We profanely assume that divine and human action exclude one another like the actions of two fellow-creatures so that “God did this” and “I did this” cannot both be true of the same act except in the sense that each contributed a share. (50)
We sometimes assume that more of our involvement in an answer to prayer means less of God’s involvement. If we contribute seventy percent toward an answer to prayer, then God only contributes thirty percent. But David and the other biblical authors believed they could act one hundred percent and still praise God for answering one hundred percent.
If someone asked David, “Who won those battles?” he could sincerely say, “I won them.” But he wouldn’t waste a breath before adding, “But I’d prefer to say God won them. It’s God who equipped me with strength (Psalm 18:32), who trained my hands for war (Psalm 18:34), and who made my enemies sink under me (Psalm 18:39).”
When David fought and won the battles, he knew God was answering his prayer. And he thought that kind of answer to prayer was so magnificent it deserved worship.
Let Go, Get Going
So when we pray, we do not let go and let God. Rather, we let go and get going. We let go of the burden by admitting our weakness and trusting a specific promise from God, and then we get going by doing whatever needs to happen for our part.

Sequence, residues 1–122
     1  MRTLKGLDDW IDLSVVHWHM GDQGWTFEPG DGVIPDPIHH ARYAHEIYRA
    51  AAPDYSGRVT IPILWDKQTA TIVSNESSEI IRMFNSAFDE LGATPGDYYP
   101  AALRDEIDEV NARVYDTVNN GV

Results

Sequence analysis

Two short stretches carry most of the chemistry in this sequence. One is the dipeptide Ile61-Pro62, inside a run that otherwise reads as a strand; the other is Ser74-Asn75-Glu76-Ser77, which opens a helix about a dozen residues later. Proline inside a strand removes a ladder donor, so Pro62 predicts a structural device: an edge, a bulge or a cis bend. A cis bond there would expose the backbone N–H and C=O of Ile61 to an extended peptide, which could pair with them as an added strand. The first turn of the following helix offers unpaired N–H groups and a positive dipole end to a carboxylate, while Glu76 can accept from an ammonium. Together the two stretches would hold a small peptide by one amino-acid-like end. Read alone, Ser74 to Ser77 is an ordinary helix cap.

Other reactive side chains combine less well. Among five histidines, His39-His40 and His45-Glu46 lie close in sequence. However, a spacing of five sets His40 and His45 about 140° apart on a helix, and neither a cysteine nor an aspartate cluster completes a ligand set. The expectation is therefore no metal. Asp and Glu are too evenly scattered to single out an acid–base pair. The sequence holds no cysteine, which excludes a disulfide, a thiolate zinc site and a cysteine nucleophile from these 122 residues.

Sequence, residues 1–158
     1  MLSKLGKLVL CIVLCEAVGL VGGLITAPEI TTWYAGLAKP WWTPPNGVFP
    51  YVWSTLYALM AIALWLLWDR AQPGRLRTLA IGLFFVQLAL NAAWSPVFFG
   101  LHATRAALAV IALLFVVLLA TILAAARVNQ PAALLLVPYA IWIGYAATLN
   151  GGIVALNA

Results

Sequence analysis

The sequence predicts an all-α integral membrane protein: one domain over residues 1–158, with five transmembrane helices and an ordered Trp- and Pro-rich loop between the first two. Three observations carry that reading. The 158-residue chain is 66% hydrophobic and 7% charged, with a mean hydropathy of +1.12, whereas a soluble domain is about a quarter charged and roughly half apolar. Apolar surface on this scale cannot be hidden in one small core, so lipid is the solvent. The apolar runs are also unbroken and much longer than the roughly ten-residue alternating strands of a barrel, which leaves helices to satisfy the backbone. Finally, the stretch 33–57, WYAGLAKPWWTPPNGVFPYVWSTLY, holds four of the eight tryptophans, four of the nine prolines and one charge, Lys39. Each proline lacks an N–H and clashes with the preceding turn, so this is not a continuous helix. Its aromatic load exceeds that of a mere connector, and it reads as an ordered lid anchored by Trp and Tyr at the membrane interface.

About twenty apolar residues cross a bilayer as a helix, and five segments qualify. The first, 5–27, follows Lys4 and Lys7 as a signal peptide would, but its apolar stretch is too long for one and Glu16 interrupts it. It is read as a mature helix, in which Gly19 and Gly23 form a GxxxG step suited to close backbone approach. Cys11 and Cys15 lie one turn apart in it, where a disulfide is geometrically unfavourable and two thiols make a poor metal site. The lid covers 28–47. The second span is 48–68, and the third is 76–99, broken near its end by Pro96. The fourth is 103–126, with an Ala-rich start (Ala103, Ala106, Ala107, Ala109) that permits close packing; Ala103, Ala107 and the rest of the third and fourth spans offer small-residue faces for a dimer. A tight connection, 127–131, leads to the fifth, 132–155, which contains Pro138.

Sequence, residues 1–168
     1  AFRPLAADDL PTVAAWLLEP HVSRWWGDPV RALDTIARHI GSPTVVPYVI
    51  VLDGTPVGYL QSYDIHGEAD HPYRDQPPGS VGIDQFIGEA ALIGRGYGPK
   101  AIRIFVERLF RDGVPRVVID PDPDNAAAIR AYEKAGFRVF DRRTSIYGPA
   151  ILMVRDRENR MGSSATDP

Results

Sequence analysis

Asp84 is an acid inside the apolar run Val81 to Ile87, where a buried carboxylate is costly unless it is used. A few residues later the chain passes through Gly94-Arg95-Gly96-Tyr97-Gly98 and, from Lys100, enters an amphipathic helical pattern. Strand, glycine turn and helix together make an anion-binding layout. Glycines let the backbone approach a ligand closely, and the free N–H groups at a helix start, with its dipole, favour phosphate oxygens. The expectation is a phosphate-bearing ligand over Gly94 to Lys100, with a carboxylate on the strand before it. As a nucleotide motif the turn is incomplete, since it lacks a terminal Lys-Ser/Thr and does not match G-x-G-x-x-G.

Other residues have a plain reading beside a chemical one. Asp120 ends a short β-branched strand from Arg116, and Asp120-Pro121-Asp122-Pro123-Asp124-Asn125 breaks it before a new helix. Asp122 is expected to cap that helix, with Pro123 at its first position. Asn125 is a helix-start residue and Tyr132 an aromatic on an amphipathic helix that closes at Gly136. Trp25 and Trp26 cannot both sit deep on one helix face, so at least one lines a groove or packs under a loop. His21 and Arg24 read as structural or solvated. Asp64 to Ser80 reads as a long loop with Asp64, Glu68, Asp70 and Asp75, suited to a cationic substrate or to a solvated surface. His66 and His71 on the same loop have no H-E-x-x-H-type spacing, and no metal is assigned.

We pray for opportunities to share the gospel, and then we go knock on our neighbor’s door. We plead for strength to resist lustful temptation, and then we text or call a friend. We beg God to guide us with some hard decision, and then we do not flip a coin, but we research, seek counsel, and think hard.
And then, when God answers in our acting, we make a big deal about it. We marvel that the living God is at work in us both to will and to work for his good pleasure (Philippians 2:13). We praise him for equipping us with everything good to do his will (Hebrews 13:21). We tell “the glad news of deliverance in the great congregation” (Psalm 40:9).
Answered prayer is more than fireworks. It’s also the thrilling experience of God’s answering in our acting. Both types of answered prayer require God’s supernatural help, both demonstrate his power, and both call for celebration (Psalm 126:2).
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Letting The Freedom Of Truth Uncover The Value Of Life